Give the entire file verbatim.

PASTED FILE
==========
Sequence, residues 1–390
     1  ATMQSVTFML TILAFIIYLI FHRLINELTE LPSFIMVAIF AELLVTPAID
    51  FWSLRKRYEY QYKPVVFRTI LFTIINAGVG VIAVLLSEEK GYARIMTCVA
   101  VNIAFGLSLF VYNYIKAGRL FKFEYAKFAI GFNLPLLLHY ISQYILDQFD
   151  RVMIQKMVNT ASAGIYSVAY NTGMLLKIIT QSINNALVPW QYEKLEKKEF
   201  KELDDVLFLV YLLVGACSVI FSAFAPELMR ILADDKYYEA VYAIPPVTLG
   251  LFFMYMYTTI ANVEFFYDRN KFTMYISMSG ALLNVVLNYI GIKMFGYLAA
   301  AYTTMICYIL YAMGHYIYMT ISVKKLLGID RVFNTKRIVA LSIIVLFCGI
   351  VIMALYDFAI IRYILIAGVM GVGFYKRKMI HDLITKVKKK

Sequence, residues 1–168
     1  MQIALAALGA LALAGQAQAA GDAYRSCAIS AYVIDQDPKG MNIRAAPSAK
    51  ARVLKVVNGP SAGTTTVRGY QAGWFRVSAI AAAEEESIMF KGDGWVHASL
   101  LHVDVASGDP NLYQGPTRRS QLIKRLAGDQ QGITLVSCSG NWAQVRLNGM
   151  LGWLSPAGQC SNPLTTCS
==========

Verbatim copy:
Sequence, residues 1–390
     1  ATMQSVTFML TILAFIIYLI FHRLINELTE LPSFIMVAIF AELLVTPAID
    51  FWSLRKRYEY QYKPVVFRTI LFTIINAGVG VIAVLLSEEK GYARIMTCVA
   101  VNIAFGLSLF VYNYIKAGRL FKFEYAKFAI GFNLPLLLHY ISQYILDQFD
   151  RVMIQKMVNT ASAGIYSVAY NTGMLLKIIT QSINNALVPW QYEKLEKKEF
   201  KELDDVLFLV YLLVGACSVI FSAFAPELMR ILADDKYYEA VYAIPPVTLG
   251  LFFMYMYTTI ANVEFFYDRN KFTMYISMSG ALLNVVLNYI GIKMFGYLAA
   301  AYTTMICYIL YAMGHYIYMT ISVKKLLGID RVFNTKRIVA LSIIVLFCGI
   351  VIMALYDFAI IRYILIAGVM GVGFYKRKMI HDLITKVKKK

Sequence, residues 1–168
     1  MQIALAALGA LALAGQAQAA GDAYRSCAIS AYVIDQDPKG MNIRAAPSAK
    51  ARVLKVVNGP SAGTTTVRGY QAGWFRVSAI AAAEEESIMF KGDGWVHASL
   101  LHVDVASGDP NLYQGPTRRS QLIKRLAGDQ QGITLVSCSG NWAQVRLNGM
   151  LGWLSPAGQC SNPLTTCS